The projected excise on cyder, and some other disagreeable attempts of the new ministry, rendered them unpopular, and occafioned some conferences in 1763 between Mr. Pitt and lord Bute. They produced, however, no beneficial consequence, owing, as our author very plainly insinuates, to lecret influence. The numerous changes in administration, and their conduct respecting Mr. Wilkes, whose cause Mr. Pitt adopted, are well known. The following remarks occur in the account of the Rockingham administration in 1766: it relates to Dunkirk,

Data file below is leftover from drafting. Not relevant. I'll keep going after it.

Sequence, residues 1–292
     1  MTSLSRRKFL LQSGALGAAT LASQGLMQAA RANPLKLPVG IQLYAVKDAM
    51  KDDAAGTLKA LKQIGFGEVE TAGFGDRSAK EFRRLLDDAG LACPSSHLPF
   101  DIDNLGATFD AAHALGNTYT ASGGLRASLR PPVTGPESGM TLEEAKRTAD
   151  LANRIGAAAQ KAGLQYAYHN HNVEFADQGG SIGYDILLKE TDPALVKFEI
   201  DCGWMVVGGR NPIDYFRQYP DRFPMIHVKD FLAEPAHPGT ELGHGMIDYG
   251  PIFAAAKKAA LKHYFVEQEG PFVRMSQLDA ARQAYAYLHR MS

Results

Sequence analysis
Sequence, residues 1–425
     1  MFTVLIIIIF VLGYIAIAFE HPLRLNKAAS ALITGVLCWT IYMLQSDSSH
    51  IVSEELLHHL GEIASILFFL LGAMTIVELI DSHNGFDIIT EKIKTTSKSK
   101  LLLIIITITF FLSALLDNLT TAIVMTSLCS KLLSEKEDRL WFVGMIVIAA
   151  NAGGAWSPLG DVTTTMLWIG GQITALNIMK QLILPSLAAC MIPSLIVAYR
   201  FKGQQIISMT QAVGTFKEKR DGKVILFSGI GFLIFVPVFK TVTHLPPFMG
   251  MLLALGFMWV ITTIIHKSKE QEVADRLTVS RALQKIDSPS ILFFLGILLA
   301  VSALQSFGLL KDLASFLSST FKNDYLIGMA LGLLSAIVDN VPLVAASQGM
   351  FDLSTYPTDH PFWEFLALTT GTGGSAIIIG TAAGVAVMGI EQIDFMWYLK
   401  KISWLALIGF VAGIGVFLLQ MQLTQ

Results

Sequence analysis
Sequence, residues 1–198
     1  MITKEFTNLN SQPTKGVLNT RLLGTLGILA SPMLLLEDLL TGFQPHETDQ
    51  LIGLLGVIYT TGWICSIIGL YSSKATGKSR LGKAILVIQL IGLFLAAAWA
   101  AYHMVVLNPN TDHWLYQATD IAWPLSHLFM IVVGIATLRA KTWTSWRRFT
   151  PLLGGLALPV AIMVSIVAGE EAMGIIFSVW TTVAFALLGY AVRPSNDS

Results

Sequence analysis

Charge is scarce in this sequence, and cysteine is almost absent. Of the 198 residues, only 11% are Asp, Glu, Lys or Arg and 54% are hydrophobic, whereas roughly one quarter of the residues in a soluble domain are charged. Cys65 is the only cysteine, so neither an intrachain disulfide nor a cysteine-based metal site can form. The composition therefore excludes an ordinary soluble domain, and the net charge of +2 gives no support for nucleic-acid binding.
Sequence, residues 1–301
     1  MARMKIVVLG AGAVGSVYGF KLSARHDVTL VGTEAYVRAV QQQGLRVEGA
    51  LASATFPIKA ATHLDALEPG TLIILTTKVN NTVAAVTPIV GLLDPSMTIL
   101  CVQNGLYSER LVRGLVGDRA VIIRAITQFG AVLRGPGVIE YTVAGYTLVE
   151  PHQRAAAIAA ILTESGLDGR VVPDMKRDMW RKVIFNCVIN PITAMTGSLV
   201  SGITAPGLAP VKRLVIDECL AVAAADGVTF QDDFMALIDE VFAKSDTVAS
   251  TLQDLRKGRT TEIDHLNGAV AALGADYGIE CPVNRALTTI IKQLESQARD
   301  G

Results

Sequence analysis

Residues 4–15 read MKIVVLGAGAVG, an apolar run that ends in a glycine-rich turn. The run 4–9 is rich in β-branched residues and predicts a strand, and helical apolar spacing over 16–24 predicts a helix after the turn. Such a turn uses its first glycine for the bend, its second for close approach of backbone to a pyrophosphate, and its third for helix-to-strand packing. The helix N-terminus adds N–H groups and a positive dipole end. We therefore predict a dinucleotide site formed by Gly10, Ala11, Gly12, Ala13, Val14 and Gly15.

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• This point of frequent and anxious difcuffion, seems to have been mistaken by the British ministers, prior and subsequent to lord Rockingham. From the peace of Utrecht, in the year 1713, to the month of September 1765, all our demands concerning the demolition of Dunkirk, have originated in a wrong principle. We have infifted upon levelling the ramparts, upon filling up the cunette, &c. These were immaterial points, to which the French court consented, after some affected hesitation. The fortifications on the land side are of no consequence to England. It was the harbour alone that ought to have engaged our attention. Lord Rockingham saw this mistake; in his adminiftration only, was the demolition of the harbour seriously attempted : and had he, semained a little lor.ger in office, it must have been accomplithed.. His demands were directed to the jetrees, which protect the channel to the harbour, and without which, the harbour becomes totally unferviceable. These jetrees are two piers, which project about three quarters of a mile from the harbour into the sea ; and are about twelve feet high, from low-water inark : between them is the channel into the harbour. His lord fhip ordered a breach to be made in the eastern jettee, near the middle, fufficient to ad. mit the sea. All Dunkirk was instantly filled with alarn. They faw the ruin of the harbour was inevitable. A few vides made the fact clear. The sand was driven through the breach with fuch. aftonishing velocity, it was fully manifest, the char.nel must be entirely choaked in a few days more. Had this bicach been made larger, which was intended ; and another made lower down, 10wards the fea, which was also intended ; the harbour must have been fo effetually rendered useless, that nothing larger than a sow-boat, or a pilot, could have got into it. · The French immediately saw the effect of this small breach, and instantly put a itop to the progress of the workmen. The reader is to observe, that in all our fipulations our court has made with France, respecting Dunkirk, a kind of childish delusion has constantly been admitted-this was the French were to employ their own people to execute our demands, and we were to send our surveyors to examine and report the state of their operation. Our surveyors had no controul over the workmen : and if the French governor at any time, chose to put a stop to their labour, we could not oblige them to resume their work. The surveyors might seturn to England, and upon their report, the British ambassador at Paris was usually instructed to remonstrate ; which commonly produced an evasive answer. The surveyors have been sent back, and the fame farce has been played over again. In this manner have the negotiations concerning Dunkirk, been continued, dropped, and revived from the year 1713. As a proof, that lord Rockingham was right in this matter, we need only observe, the conduct of the